10 Amazing Facts about Baltic Sea
To many people, the Baltic Sea is a sea of significance. It lies in northern Europe in a strategic location that is surrounded by nine countries. These include Poland, Germany, Sweden, Lithuania, Latvia, Finland, Estonia, and Germany.
The geographic significance of the Baltic Sea is also due to its origin in the North Atlantic Ocean. It extends northward and marks a line of distinction for the Scandinavian Peninsula from the remainder of continental Europe.
Whether you consider the location of the Baltic Sea or its other aspects, many facts come together to make it amazing. Here’s a list of some such aspects that put it on the world map as a prominent marine water body.
1. Baltic Sea has a marked seasonality
The Baltic Sea has a typical climate which is also popular as the Baltic climate. It shows a marked seasonality characterized by cold winters that are long and warm summers that are relatively shorter. The extreme temperatures between the two seasons range between − 10 °C and 17 °C.
Another remarkable feature of the Baltic climate is its nature to keep varying from time to time. While sometimes it shows the influence of mild maritime weather, it also shows the influence of the continental climate at other times.
The precipitation depends upon the type of climate at a given point in time. Depending on the type of weather, it may range somewhere between 20 and 24 inches. That is to say, in a year, it may range somewhere between 500 mm and 600 mm.
For most of the year, the weather remains cloudy. Fog surfaces in the spring season, whereas a sea breeze blows in the summer.
2. Baltic Sea has remarkably fresh water
The Baltic Sea has a shallow outlet as it is almost surrounded by land on all sides. The Oder and the Vistula are two prominent rivers that meet with it. These rivers are long and have the influence of a temperate continental climate. As a result, they have a slower rate of evaporation. This explains why both rivers have a slower rate of evaporation.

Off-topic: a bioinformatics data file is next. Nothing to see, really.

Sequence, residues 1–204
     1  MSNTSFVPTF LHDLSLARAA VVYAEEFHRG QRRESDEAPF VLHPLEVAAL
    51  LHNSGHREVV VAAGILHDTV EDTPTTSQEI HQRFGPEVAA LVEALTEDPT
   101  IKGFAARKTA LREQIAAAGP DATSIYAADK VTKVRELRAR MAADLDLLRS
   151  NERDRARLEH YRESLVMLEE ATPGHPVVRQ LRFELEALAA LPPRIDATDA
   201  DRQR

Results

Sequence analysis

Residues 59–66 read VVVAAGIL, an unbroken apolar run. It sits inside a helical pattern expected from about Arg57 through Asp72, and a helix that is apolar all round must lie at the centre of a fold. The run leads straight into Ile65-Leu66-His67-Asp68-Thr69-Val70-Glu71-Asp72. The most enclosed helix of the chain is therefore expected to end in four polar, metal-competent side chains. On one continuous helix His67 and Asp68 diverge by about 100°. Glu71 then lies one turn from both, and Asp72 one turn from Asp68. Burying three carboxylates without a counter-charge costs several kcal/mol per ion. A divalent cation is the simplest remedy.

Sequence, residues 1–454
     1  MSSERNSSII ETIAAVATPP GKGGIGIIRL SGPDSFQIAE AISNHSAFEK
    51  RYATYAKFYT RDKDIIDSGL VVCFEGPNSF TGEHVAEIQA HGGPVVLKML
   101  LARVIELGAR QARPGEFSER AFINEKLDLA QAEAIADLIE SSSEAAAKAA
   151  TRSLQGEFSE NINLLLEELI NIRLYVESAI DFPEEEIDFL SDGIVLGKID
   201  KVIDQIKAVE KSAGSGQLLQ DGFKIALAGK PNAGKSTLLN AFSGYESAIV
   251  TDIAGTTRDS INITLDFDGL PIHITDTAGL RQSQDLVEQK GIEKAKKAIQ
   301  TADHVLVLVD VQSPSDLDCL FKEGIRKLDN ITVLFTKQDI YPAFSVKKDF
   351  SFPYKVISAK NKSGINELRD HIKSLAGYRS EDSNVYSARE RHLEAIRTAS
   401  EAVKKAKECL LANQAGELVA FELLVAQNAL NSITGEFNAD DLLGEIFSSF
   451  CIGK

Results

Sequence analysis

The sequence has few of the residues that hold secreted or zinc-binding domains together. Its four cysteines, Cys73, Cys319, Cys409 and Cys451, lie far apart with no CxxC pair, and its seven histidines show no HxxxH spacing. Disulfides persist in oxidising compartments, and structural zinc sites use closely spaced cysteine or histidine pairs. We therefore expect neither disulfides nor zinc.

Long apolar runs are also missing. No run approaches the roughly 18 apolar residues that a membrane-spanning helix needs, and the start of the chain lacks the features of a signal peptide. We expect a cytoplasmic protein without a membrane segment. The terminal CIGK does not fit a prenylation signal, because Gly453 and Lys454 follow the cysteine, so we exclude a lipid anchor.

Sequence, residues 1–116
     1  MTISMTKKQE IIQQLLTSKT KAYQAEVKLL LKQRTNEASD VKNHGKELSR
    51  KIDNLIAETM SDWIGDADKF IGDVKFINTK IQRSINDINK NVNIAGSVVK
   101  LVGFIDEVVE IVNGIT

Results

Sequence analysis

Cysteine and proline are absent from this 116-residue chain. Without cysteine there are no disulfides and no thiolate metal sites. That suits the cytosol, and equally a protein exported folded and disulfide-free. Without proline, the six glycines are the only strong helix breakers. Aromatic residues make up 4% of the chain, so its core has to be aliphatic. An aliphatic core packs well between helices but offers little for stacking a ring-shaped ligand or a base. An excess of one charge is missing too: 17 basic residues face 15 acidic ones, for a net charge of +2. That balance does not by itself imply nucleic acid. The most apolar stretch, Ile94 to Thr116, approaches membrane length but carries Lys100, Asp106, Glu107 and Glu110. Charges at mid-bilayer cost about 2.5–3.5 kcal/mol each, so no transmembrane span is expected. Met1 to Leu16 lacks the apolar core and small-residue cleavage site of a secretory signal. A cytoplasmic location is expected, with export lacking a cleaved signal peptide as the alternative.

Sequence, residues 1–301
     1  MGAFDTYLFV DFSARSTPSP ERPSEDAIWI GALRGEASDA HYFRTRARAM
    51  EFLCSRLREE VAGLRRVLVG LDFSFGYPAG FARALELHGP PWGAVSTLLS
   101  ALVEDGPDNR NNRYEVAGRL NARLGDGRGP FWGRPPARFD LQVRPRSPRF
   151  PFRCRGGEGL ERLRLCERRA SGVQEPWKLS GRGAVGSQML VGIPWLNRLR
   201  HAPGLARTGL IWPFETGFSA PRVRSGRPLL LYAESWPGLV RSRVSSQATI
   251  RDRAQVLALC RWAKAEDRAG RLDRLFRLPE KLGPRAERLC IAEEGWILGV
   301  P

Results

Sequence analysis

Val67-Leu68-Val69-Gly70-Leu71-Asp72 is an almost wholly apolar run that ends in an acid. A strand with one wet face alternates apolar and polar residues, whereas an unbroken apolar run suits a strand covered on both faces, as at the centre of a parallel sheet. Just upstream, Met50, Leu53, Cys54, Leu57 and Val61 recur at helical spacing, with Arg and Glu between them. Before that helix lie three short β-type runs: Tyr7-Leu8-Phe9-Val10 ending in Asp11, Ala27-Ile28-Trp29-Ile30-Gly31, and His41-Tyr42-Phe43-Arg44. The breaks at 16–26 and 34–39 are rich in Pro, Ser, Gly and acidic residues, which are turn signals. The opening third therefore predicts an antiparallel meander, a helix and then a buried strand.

Speaking of the salinity of the Baltic Sea, the western Baltic records the highest salinity. On the other water of the Gulf of Bothnia is the least saline. The top portion records about one-third of the average salinity of the sea.
The lesser concentration of salt in the seawater is also reflected in the hydrology of the Baltic Sea. Due to low salinity, the Sea gathers ice on the Gulf of Bothnia, especially in the winter season. The pack-ice resulting from it attains a height of 50 feet. Also, the lesser concentration of salt in the seawater plays a crucial role in the formation of drift ice, particularly in the northern region of the Aland Islands.
Normally, navigation becomes difficult in regions with ice packs or drift ice. However, in contrast, navigation is easy in various regions in Finland wherein the formation of ice takes place. Though severe winters pose a problem in navigation in these areas, it remains simple and easy for most of the year.
3. The Baltic remains untouched from the influence of tidal currents
It may sound a bit strange but the Baltic, despite a considerable outflow of seawater, doesn’t show much influence of tidal currents. One possible reason for it is the flow of saltwater with a higher density and strong countercurrent. This flow is visible specifically into the North Sea.
That said, the southern shores of the Baltic do experience northeasterly winds that are strong. These strong winds result in high waves along the southern shores of the Baltic and lead to the flooding of the shores.
On the other hand, the southwesterly leads to the creation of dunes. Such dunes of sand are visible on the coasts of Germany and Poland. Also, they are responsible for the presence of a large volume of water in the northern Baltic.
4. The northern coast of the Baltic shows contrasting features compared to its southern coast
The coasts in countries such as Finland and Sweden are rocky and do not have an even surface. The coasts of the Southern Baltic, on the other hand, have a flat surface that lacks a definite feature.
One of the highlights of the Baltic is its coastal features that are more prominent in eastern Denmark. These features have resulted from glaciation that had taken place in the Pleistocene era. While the eastern part is low-lying, the southern part has shallow bays.
5. The Baltic Sea is relatively younger in comparison to other seas
When it comes to seas, most people believe they represent older water bodies. As such, the time of its formation comes under the spotlight. In this regard, the Baltic isn’t too old. Other seas formed much earlier than it.